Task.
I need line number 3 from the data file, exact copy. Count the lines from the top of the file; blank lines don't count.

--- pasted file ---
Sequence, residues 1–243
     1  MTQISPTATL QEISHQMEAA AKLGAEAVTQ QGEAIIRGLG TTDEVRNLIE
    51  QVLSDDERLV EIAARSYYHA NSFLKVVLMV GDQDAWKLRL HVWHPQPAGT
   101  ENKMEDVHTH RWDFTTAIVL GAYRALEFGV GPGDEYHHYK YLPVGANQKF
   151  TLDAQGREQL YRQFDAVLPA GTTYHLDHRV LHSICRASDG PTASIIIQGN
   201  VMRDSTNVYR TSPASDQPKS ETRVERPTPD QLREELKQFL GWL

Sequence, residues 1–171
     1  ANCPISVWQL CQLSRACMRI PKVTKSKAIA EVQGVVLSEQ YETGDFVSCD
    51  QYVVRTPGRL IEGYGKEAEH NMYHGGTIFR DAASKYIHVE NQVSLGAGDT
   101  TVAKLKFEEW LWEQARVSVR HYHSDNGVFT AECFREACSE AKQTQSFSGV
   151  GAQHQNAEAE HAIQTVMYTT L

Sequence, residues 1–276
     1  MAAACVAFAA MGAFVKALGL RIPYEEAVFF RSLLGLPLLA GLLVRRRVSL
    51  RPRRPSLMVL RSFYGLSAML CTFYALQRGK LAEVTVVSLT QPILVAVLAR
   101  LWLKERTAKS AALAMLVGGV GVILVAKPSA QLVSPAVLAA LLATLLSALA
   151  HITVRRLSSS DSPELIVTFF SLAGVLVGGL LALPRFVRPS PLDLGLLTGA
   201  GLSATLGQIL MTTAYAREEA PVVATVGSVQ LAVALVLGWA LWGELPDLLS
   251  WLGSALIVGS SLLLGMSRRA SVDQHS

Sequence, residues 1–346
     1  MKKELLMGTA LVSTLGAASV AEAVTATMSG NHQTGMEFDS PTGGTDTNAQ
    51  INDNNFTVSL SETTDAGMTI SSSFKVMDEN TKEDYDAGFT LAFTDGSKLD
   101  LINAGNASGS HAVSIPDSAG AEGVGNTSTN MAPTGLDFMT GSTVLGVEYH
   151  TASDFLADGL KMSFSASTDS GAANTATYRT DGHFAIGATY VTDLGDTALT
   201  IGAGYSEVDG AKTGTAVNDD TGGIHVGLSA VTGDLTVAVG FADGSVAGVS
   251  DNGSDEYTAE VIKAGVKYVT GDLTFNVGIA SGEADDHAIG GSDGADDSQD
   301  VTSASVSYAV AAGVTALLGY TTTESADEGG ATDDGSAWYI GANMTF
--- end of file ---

    51  QVLSDDERLV EIAARSYYHA NSFLKVVLMV GDQDAWKLRL HVWHPQPAGT